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Diabetes: Beyond the Pancreas

In 2017, the U.S. Centers for Disease Control and Prevention reported that more than 100 million Americans are living with Type 1 or Type 2 diabetes or are pre-diabetic and at risk for serious health problems. Type 1 diabetes is a condition that occurs when the immune system attacks the insulin-producing cells of the pancreas, leaving sufferers unable to produce the critical insulin needed to convert glucose to energy. Type 2 diabetes, also known as adult-onset diabetes, causes insulin resistance, a condition in which the body does not process insulin properly. Although the conditions have their differences, they are both similar in how they negatively affect the body and can contribute to the development of many other health conditions and high levels of inflammation that can leave those diagnosed with the disease at risk for serious health problems and even death.

Health conditions linked to diabetes:

Heart and Cardiovascular Disease. People living with diabetes have an increased risk of developing cardiovascular problems, such as heart attack, stroke, atherosclerosis (narrowing of the arteries) and coronary artery disease.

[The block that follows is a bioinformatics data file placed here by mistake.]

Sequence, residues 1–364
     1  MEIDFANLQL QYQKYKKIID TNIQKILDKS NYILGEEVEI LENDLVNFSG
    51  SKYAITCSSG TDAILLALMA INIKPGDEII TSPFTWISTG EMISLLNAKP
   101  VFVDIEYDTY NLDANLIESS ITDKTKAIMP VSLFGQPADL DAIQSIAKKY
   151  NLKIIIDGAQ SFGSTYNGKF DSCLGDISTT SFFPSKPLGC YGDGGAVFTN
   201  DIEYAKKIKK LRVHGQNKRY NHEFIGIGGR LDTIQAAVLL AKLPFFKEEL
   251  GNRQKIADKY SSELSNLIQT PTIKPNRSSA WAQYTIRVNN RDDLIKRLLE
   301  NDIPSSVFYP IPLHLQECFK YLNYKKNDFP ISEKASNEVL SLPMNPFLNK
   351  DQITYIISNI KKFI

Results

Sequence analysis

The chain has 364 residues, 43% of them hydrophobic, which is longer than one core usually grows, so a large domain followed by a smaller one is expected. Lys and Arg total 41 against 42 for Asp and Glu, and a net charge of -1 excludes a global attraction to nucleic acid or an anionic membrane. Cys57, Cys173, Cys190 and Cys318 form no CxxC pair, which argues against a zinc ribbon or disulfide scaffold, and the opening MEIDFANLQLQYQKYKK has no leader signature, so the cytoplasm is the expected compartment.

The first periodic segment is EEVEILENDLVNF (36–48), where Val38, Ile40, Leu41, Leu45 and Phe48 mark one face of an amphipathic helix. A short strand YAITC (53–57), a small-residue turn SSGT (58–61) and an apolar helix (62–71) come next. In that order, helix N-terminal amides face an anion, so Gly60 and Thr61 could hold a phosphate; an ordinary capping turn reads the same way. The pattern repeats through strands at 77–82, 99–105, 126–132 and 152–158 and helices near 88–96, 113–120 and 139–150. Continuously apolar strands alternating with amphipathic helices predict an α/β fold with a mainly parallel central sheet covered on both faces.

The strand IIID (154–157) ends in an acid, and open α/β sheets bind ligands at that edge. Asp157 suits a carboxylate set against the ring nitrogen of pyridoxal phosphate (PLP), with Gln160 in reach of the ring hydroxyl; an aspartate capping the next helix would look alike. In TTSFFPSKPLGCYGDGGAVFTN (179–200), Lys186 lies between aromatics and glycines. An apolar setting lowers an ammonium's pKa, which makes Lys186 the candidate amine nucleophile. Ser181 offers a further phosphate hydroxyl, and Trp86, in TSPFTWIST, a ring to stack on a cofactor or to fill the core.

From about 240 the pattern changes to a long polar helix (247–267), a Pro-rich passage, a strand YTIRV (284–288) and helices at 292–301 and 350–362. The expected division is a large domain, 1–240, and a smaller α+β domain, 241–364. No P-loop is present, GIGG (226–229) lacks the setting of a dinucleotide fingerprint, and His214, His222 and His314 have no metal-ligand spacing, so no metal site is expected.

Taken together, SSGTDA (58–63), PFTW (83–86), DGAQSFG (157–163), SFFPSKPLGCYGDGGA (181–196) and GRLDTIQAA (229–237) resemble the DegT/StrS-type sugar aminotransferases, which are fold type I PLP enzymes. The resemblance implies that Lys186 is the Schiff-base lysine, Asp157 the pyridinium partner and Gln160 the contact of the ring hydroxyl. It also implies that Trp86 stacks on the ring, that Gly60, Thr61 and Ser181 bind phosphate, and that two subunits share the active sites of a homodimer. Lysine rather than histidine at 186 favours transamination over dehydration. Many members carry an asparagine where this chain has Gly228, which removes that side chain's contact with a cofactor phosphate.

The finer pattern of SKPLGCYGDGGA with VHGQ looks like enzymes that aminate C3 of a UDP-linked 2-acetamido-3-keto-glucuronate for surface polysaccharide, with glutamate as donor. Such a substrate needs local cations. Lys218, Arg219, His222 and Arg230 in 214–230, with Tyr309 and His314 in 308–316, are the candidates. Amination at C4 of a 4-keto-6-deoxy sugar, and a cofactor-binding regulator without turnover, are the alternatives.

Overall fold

Nerve Damage. Diabetes causes damage to the small blood vessels called capillaries that deliver oxygen and nutrients to your nerves. When these essential nutrients do not reach the nerves, the nerves die off, causing numbness, burning, tingling and pain in the extremities and limbs. Diabetes can also cause patients to develop cuts and wounds in the feet, but because of nerve damage, these wounds often go unnoticed, which means the risk of infection, amputation and other complications,

Kidney Problems. Diabetes also contributes to the development of kidney disease because it can damage the blood vessels that filter waste material from the blood. This damage can lead to kidney failure, which may mean dialysis or a kidney transplant.

Damage to Vision and Hearing. Diabetes can also cause damage to blood vessels of the retina, which could lead to permanent blindness. Most patients with diabetes are also at risk for developing glaucoma and cataracts. Hearing can also be damaged because of diabetes, leaving people at risk of permanent impairment.

Alzheimer's Disease. Some research has shown that diabetes increases the risk of developing Alzheimer's disease, a condition that causes memory loss, cognitive problems and speech issues.

Dr. Johnson can help treat those individuals who are living with the side effects of diabetes using adipose fat stem cell therapy. Adipose fat stem cells have the powerful ability to heal tissues damaged by diabetes, reduce inflammation and pain, and help return the immune system to normal function.

If you are living with diabetes or its side effects, call Innovations Stem Cell Center at 214-256-1462 today to learn more about how stem cell therapy may benefit you.

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